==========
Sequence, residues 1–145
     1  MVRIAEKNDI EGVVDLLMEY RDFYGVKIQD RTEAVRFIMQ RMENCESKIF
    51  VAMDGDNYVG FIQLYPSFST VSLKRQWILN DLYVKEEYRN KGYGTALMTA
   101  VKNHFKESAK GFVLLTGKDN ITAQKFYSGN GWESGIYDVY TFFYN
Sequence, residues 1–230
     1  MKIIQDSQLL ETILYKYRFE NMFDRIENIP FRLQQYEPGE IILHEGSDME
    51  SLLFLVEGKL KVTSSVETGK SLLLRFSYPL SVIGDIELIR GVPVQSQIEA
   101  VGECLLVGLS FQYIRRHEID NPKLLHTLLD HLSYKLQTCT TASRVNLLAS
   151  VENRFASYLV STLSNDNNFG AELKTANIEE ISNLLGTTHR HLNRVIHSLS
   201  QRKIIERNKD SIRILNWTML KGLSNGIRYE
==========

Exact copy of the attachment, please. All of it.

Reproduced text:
Sequence, residues 1–145
     1  MVRIAEKNDI EGVVDLLMEY RDFYGVKIQD RTEAVRFIMQ RMENCESKIF
    51  VAMDGDNYVG FIQLYPSFST VSLKRQWILN DLYVKEEYRN KGYGTALMTA
   101  VKNHFKESAK GFVLLTGKDN ITAQKFYSGN GWESGIYDVY TFFYN
Sequence, residues 1–230
     1  MKIIQDSQLL ETILYKYRFE NMFDRIENIP FRLQQYEPGE IILHEGSDME
    51  SLLFLVEGKL KVTSSVETGK SLLLRFSYPL SVIGDIELIR GVPVQSQIEA
   101  VGECLLVGLS FQYIRRHEID NPKLLHTLLD HLSYKLQTCT TASRVNLLAS
   151  VENRFASYLV STLSNDNNFG AELKTANIEE ISNLLGTTHR HLNRVIHSLS
   201  QRKIIERNKD SIRILNWTML KGLSNGIRYE